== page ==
Harrogate's only female funeral director says she is proud to have continued supporting bereaved families in their hour of need during challenging times of lockdown.
Nicola Major, funeral director at The Co-op and the Funeral Service Manager for Harrogate, entered the profession at time when she was one of the few female role models in the industry.
Much has changed for the better over the years but nothing before has been like the current pandemic.
Hailing from a family whose roots are steeped in the business, Nicola knows the sensitive and valuable role funeral care plays even during lockdown and strict rules about public ceremonies and meeting up.
She said: "Supporting a family at one of the worst possible times in their life and helping them along the journey from the moment they call you makes you proud.
"Knowing that you have made a difference to that family is so important to me, as well as the Co-op."
Having started in the industry at the age of 19 in 1998 as a funeral director’s assistant, Nicola found herself within a week being made a trainee funeral director.
The scale of her ability and progress was such that, in 2018, she became a manager for York and Harrogate in charge of a large number of branches - a first for a female funeral care employee in the area.
But her job was in her blood from the start. Her family are funeral directors, too, and her grandad started in the business in 1947.
Nicola said: "My grandfather founded W. Bowers in Hampsthwaite in 1947. I started at the Co-op in 1998 and 21 years later I am still happily working for the Co-op, now as a Funeral Services Manager and wouldn't change it.
"This was the career I always wanted from the age of five. My closest friends weren’t surprised when I decided I wanted to enter the profession."
When she first started female ministers had only just started to enter the church and some of the older clergy were against that but Nicola herself said she experienced nothing but support from the start and was openly accepted.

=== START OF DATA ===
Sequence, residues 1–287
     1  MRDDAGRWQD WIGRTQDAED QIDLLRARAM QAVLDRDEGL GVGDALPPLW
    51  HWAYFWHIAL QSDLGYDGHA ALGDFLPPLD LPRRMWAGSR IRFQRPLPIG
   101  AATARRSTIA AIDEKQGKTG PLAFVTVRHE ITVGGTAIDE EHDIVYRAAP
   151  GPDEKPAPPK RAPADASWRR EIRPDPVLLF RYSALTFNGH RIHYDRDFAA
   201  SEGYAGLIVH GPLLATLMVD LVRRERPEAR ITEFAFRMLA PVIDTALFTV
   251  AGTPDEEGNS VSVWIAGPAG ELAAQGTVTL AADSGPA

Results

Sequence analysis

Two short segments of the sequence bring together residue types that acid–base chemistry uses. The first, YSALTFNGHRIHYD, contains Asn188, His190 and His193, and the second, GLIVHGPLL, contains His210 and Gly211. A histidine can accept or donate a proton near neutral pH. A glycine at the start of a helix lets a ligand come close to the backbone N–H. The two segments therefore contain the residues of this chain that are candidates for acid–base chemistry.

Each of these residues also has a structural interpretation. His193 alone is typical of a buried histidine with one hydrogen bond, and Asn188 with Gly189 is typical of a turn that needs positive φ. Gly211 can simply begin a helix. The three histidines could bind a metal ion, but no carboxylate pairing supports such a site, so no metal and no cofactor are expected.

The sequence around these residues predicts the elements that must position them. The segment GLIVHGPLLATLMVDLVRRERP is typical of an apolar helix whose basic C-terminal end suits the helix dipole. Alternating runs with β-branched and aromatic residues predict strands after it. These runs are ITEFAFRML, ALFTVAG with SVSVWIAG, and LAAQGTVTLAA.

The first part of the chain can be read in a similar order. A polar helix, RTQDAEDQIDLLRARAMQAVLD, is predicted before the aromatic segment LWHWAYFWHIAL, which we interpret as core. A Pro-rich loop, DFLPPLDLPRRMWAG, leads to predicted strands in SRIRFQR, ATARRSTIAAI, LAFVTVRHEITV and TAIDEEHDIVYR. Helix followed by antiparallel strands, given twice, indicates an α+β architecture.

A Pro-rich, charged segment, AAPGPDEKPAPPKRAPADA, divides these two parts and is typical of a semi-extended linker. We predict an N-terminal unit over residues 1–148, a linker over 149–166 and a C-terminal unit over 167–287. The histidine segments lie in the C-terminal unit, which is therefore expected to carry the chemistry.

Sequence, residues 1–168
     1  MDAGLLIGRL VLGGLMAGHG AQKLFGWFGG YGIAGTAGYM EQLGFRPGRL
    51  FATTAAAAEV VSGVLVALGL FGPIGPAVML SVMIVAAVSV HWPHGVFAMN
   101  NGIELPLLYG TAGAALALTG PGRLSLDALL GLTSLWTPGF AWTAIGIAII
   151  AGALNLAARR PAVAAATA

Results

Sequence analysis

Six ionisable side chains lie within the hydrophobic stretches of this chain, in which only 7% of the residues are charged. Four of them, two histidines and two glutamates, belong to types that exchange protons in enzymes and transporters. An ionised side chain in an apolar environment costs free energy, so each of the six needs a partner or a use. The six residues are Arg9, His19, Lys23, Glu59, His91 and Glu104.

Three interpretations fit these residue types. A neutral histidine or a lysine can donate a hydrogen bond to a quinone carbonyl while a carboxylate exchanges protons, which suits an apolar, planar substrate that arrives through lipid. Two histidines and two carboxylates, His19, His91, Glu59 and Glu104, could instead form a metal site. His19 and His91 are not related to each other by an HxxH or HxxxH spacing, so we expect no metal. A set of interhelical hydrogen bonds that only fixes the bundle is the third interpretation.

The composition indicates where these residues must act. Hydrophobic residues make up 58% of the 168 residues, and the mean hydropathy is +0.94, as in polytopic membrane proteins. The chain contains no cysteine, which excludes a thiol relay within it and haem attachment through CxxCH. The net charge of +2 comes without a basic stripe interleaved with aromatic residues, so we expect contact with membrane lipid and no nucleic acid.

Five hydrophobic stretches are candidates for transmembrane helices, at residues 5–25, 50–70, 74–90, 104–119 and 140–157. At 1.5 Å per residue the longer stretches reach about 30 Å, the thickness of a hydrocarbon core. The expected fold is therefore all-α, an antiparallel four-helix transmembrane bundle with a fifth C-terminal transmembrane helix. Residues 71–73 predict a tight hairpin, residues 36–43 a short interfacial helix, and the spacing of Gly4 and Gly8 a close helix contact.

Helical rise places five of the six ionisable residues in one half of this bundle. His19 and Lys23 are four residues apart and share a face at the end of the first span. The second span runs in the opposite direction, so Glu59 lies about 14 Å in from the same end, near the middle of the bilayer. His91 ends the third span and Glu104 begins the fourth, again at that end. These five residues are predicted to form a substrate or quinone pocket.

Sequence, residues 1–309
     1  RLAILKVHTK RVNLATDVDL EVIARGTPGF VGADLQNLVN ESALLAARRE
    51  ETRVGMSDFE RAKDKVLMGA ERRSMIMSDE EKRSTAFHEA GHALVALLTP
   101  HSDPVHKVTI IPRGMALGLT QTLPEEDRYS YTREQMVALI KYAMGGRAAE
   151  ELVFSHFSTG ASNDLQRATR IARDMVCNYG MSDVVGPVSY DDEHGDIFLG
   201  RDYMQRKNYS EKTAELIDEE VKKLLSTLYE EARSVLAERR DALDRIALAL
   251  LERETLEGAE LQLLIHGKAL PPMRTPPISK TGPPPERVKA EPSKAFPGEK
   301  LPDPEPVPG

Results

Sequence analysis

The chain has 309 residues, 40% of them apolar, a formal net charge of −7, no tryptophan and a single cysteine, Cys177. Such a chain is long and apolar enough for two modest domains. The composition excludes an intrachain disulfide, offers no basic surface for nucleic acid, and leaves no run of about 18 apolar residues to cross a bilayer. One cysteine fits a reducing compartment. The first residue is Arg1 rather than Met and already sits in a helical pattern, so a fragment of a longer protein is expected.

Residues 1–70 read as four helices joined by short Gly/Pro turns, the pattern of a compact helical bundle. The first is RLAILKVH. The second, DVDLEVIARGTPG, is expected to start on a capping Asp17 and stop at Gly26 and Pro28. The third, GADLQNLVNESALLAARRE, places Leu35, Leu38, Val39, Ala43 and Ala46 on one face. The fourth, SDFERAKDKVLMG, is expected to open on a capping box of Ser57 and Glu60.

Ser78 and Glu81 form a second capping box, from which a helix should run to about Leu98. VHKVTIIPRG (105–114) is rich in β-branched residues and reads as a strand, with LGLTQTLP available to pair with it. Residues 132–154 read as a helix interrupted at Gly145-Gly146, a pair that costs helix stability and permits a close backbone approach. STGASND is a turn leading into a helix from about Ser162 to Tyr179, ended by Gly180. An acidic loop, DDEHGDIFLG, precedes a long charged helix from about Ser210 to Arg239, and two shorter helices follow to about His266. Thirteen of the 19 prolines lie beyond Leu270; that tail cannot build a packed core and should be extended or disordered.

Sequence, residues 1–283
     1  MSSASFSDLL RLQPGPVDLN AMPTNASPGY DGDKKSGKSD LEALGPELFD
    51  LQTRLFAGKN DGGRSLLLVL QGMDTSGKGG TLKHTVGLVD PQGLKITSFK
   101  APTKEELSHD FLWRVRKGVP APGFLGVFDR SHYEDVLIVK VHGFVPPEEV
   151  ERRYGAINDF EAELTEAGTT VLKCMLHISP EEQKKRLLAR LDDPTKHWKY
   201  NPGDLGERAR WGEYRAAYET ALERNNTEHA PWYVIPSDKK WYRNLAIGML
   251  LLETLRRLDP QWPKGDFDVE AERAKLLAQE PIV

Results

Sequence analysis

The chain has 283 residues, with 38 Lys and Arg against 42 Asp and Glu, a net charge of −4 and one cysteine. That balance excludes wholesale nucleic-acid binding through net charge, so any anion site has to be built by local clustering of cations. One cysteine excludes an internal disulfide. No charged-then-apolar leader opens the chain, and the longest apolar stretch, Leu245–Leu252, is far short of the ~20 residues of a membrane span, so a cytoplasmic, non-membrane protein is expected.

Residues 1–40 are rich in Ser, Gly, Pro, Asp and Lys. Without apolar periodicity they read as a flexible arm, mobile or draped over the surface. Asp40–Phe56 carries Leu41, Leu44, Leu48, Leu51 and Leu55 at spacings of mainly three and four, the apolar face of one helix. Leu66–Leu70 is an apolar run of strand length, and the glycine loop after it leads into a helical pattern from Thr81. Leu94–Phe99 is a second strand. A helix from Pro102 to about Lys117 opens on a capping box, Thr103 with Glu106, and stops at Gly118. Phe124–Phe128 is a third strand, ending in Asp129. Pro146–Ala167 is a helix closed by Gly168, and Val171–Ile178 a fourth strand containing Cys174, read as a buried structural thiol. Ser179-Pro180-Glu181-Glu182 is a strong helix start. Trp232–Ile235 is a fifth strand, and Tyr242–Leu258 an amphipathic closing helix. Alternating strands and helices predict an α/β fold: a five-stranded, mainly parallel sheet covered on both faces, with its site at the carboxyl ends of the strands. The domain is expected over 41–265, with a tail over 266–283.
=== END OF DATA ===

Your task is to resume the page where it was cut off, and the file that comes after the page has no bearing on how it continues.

Like other sectors of society, the funeral industry has changed a lot in the last few decades.
Nicola said: "I entered the profession at the age of 19 when female vicars had just entered the church. I was openly accepted and the guys I worked with when I started gave me nothing but support.
"Families liked the fact there was a female they could talk to – back then it made a change. Things are very different nowadays.
"I was fully supported by my team at the Co-op from the start but the industry now has so many females in every role - embalmer, funeral service operatives such as driver and bearers.
"The leadership team for my region now has nine female managers and five male."
Adapting to the challenges of social distancing has been easier than you might think for Nicola and her team at Harrogate Co-op Funeralcare.
The nature of funerals has evolved in recent years to meet changing tastes in society and practices in the funeral profession have moved along with it.
Nicola said: "The biggest change in the industry has been the increase in females in the role as funeral director’s but also the way families think about funerals and that people want them more personalised i.e colourful ties, or ties for the football club they support. "
Moving with the times, Nicola has been keen to support picture coffins, motorcycle hearses, Rainbow and poppy hearses, going a certain route on the way to the crematorium/church past landmarks; anything which supports families at such a sad and challenging moment in their lives.
Before the lockdown she had introduced a Memory Box to trigger long-term memory recognition for those living with dementia.
The box is wrapped with icons from the past such as Audrey Hepburn and James Dean, is filled with contents that used to belong to Nicola’s grandad.
The items include; old coins, Victory V’s, books, jigsaws, an old cast iron, Co-op dividends stamps, old soap and a ball of wool and knitting needles.
But Nicola's proudest moment to date is when she was nominated Bereavement Worker UK in 2017 for a national award The Butterfly Awards.
Nicola said: " My proudest achievement to date is being nominated for a national award - The Butterfly Award, Bereavement Worker 2017.
"This came through a nomination from a father who had lost his beautiful baby boy, Henry. I was privileged enough to be shortlisted and attended the ceremony with many inspirational people.
"I enjoy working in the funeral industry - it is so rewarding. I love doing what I am doing, supporting and caring for families and their loved ones.
"Making that difference every day is so important."